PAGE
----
Inner Sea region

Inner Sea region map.jpg
See also: Settlements of the Inner Sea region

The Inner Sea region refers to the continent of Avistan and the northern third of the continent of Garund, both of which surround the Inner Sea. At the heart of this region is the City at the Center of the World: Absalom. The farther one gets from Absalom traveling north or south, the farther one travels from cosmopolitan civilization, although there are always exceptions. The Inner Sea region is also the center for trade in this part of Golarion, and has therefore been the staging area for countless, terrible wars over the past ten millennia.[1]

Climate and weather

Numerous climatic zones stretch across the Inner Sea region, from the snow-laden slopes of the Stormspear Mountains of northern Avistan to the sweltering jungle-interior of Sargava far to the south.[2]

Avistan

In Avistan, weather patterns generally move from the west to the east, bringing needed moisture from the Arcadian Ocean. This moisture falls as cold rains in western and northwestern Avistan, west of the Mindspin Mountains. The rain shadow created by the Mindspins is offset somewhat by the size of Lake Encarthan in eastern Avistan.[2]

Garund

Weather in Garund tends to move from west to east as well, with the heaviest rainfall found along its western coastline. North of the Barrier Wall the land is arid, while to the south are the lush jungles of the Mwangi Jungle. A perpetual hurricane known as the Eye of Abendego that has existed since the death of the god Aroden in 4606 AR is situated off Garund's western coast, providing drenching rain across the Sodden Lands and much of western and central Garund. East of the Shattered Range, the Obari Ocean brings rain to Garund's eastern shores.[2]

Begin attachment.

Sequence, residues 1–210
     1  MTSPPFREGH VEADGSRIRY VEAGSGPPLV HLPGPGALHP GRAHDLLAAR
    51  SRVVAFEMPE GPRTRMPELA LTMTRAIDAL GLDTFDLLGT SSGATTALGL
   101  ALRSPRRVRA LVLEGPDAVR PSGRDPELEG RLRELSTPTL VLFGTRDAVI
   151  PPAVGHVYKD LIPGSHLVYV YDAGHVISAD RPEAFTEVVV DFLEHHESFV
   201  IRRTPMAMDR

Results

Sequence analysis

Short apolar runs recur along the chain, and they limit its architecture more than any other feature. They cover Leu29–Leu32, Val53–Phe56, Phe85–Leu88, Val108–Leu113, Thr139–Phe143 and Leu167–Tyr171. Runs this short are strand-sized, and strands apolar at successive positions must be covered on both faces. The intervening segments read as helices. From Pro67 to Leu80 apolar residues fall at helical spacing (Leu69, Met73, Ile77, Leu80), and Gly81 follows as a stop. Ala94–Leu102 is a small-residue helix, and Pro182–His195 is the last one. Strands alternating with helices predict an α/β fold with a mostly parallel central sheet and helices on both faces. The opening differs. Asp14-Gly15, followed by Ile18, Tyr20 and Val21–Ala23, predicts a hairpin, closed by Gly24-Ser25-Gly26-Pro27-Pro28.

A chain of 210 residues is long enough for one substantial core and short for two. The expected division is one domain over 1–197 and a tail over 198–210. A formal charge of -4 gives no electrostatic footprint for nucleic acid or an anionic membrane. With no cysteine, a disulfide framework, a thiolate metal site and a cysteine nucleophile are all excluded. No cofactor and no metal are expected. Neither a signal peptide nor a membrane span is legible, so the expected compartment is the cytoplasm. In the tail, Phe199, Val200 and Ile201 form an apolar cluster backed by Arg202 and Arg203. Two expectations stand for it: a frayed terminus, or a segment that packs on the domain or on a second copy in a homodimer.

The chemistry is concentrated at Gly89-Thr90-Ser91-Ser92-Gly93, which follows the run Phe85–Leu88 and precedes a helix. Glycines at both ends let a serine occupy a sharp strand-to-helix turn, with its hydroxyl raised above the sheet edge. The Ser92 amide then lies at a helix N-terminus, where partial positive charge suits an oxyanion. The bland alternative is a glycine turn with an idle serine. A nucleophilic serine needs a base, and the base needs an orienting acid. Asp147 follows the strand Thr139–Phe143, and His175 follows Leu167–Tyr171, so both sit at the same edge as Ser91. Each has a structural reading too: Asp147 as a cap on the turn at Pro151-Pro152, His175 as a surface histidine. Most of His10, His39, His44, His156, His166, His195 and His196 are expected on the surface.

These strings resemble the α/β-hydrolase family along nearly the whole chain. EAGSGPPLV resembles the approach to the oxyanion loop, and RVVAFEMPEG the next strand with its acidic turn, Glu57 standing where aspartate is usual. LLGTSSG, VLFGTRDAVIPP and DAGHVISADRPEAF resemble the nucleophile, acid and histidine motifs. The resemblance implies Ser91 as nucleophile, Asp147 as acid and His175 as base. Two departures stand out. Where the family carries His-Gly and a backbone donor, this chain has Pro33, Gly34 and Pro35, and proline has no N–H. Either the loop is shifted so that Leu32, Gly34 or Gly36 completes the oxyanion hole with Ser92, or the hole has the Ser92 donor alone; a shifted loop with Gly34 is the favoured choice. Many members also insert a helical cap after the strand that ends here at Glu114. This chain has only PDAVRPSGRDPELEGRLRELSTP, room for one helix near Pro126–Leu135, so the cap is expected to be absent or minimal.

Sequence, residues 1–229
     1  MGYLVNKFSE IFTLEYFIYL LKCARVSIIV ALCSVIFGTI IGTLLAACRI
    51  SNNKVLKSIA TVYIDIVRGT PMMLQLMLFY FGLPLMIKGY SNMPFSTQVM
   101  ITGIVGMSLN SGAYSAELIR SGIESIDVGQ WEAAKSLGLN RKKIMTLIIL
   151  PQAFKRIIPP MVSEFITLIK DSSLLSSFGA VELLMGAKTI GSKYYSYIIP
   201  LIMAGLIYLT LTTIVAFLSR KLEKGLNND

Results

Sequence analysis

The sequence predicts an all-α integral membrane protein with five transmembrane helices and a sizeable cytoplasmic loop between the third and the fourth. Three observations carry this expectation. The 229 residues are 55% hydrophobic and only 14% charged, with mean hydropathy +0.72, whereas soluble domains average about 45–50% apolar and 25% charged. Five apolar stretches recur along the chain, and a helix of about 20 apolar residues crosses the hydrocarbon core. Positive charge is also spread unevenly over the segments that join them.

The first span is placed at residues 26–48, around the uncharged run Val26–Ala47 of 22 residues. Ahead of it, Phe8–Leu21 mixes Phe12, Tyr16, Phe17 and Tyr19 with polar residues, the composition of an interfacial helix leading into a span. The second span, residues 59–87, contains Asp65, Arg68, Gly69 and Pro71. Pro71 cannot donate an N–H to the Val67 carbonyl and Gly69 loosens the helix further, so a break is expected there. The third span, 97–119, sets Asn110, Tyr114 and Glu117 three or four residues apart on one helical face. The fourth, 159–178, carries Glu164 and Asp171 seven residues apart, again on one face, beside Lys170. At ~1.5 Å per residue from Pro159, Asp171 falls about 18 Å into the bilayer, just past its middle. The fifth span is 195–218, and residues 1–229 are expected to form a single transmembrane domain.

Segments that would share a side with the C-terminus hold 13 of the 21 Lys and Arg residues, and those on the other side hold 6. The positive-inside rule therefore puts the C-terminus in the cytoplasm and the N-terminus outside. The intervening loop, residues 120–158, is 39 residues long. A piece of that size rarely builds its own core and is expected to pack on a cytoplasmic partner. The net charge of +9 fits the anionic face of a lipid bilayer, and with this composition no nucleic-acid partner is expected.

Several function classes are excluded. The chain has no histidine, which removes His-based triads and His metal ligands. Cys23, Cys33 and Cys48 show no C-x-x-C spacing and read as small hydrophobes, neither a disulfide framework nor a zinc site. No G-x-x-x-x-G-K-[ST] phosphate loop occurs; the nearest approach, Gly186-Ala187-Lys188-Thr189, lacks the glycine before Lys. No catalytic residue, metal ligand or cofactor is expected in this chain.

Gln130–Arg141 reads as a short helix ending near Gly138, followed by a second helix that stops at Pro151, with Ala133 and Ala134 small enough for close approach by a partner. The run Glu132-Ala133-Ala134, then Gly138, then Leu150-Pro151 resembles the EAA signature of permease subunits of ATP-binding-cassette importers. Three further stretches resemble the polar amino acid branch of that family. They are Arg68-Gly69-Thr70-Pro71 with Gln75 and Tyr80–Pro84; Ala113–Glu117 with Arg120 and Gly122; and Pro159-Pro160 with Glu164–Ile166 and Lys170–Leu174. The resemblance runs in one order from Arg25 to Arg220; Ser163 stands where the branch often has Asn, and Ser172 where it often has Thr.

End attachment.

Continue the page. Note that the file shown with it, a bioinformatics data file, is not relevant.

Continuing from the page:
Trade

Trade is a vital component of any society, and for the nations of the Inner Sea region it is no different. Thousands of ships set sail from ports every week to make a short jaunt to a neighboring town, or sail halfway around the world. The busiest trade routes of the region include the North Tack, which generally follows the northern shores of the Inner Sea, and its companion, the South Tack, which runs from Katapesh along the sea's southern coast to Rahadoum. On the western coasts of Avistan and Garund, you'll find the Varisian Run, stretching all the way from Varisia in the north to the city of Eleder in Sargava. The major inland river route, the Sellen Passage, runs from the Taldan port of Cassomir up the Sellen River, connecting the nations of Brevoy, Galt, Kyonin, Mendev, Numeria, the River Kingdoms, and Ustalav to the riches of the Inner Sea.[3]

Culture

Humanocentrism

Although there are dozens, of not hundreds of intelligent races dwelling in the Inner Sea region, humans are by far the most prevalent. Not only do they have the upper hand in terms of sheer numbers, but humanity also controls nearly all of the nations of the region. The term "humanity" in this case refers not just to actual humans, but also includes the other civilized and populous near-human races such as elves and dwarves.[4]

City vs. rural living

Most civilized people in the Inner Sea region live in urban centers, but rely on their rural neighbor for food and other commodities. Conversely, those living close to the wilderness often depend on their urban neighbors for protection from wild creatures or other warlike civilization. A certain amount of tension exists between urban and rural dwellers even though both are dependent upon the other. This dichotomy is epitomized in the faiths of Abadar and Erastil. While both see civilization as humanity's greatest achievement, they approach it from two very different directions.[4]

Magic

Magic is relatively well-known among the civilized races of the Inner Sea region, even if it is generally not a part of their everyday lives. Most commoners will have seen a spell or two cast in their time, seen the use of a magic item, or even been the beneficiary of healing magic. Despite this, most peasants do not count on magic to help them with the everyday lives, seeing it largely as a tool of the wealthy and powerful, a tool that can also be used against them. Because of its relative rarity, its capability of causing untold destruction, and its ability to accomplish the seemingly impossible, it inspires awe and fear in most folk, and is often misunderstood.[4]

References